SPOKANE, Wash. — It's a striking statistic out of a new study – the number of homeless students in Spokane has doubled between 2012 and 2017.

Taking a closer look at those numbers released by The Seattle Times, the dramatic increase comes primarily out of school districts in rural areas.

Each year, Washington state school districts report to the state the number of identified homeless students in the district, which is defined as those living "doubled up" with relatives or friends, living in motels or transitional shelters.

From 2012 to 2017, Spokane Public Schools saw an overall decrease in homeless students. But districts in rural areas of Spokane saw the largest increases.

Data from the Office of Superintendent of Public Instruction revealed that the East Valley School District had the highest increase in homeless students in the area (458 percent). Deer Park had the second highest increase (289 percent), followed by the West Valley (149 percent) and the Riverside (145 percent) school districts.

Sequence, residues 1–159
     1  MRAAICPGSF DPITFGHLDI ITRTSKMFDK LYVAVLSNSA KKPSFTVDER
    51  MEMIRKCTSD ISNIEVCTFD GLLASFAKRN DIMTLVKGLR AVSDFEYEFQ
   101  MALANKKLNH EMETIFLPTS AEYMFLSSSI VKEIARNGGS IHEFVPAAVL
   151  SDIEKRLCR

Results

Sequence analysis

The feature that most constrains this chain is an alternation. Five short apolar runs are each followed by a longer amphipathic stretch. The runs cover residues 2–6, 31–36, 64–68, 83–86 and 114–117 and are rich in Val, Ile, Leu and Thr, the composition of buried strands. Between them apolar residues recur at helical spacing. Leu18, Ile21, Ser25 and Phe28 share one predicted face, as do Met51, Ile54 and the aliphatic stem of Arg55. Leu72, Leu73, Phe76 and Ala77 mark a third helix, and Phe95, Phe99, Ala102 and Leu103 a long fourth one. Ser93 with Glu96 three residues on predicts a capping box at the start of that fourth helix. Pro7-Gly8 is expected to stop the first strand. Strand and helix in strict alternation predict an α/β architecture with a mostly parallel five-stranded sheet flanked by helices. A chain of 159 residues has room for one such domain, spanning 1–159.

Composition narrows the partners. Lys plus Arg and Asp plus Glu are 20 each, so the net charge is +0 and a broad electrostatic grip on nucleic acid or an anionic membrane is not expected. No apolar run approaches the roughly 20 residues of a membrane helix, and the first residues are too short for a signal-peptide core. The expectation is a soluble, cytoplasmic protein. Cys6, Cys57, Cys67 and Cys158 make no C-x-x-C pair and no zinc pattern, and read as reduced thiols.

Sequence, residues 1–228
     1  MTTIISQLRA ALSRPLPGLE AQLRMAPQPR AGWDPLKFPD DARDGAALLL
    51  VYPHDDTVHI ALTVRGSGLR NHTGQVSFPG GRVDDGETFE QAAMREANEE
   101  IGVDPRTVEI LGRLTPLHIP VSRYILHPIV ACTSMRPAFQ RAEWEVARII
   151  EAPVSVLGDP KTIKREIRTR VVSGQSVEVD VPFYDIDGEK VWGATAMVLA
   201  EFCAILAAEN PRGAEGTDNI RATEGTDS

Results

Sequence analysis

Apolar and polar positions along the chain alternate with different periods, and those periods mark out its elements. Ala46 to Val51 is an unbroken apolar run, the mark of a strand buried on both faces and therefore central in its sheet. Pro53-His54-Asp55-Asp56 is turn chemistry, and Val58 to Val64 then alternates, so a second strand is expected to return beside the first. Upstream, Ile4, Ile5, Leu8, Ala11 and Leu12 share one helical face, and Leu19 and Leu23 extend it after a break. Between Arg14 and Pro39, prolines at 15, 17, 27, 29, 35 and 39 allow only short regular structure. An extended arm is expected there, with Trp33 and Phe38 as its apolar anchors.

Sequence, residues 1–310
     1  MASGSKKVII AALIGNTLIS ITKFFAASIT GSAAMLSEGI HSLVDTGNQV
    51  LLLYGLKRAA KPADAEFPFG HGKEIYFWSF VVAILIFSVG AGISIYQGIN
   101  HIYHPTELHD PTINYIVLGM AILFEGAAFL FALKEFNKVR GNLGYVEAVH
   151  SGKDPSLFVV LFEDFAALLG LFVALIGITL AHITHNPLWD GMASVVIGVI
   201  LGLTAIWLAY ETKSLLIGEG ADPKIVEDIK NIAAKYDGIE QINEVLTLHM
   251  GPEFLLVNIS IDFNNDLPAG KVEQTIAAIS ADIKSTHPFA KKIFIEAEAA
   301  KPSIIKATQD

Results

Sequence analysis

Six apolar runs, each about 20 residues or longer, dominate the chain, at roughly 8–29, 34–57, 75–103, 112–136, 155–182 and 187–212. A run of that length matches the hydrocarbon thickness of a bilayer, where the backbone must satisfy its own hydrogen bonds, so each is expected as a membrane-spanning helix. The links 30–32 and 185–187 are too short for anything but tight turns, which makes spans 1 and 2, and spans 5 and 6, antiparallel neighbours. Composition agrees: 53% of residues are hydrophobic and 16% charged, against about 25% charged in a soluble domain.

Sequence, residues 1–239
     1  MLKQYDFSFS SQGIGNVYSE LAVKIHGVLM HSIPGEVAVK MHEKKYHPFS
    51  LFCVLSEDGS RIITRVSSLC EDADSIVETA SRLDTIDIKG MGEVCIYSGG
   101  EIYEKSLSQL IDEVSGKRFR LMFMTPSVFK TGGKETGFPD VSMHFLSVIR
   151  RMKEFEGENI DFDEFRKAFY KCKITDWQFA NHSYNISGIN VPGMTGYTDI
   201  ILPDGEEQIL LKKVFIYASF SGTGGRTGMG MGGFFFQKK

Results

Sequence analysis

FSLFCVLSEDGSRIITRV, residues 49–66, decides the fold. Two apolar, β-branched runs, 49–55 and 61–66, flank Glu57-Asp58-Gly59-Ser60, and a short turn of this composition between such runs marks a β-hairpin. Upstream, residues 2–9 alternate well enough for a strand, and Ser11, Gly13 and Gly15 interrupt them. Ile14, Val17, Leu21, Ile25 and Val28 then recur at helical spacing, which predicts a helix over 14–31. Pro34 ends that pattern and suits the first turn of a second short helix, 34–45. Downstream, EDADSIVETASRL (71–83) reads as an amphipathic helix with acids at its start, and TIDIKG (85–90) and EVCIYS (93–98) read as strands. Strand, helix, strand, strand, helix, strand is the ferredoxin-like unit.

The Spokane district attributes part of this decrease to its "check and connect program." The program connects students with support for housing, homework and transportation before they get too far down the road of homelessness.

Director of Special Programs Brett Dodd said that program started implementing the plan four years ago under its Homeless Education and Resource Team, known as "HEART".

West, East and Central Valley implemented the HEART program in their respective districts as well.

So why the difference in numbers? Dodd said those districts might not have as much access to resources.

Greg Swartz with the Deer Park School district said the increase could be attributed to the district more effectively identifying homeless students. He said while there might be more services in the Deer Park area now, there is still a lack of affordable housing.

Deer Park received an extended grant to fund a social worker position through Priority Spokane. Swartz said the district social worker will help reduce the staggering number of homeless students by providing support and resources for the students and their families.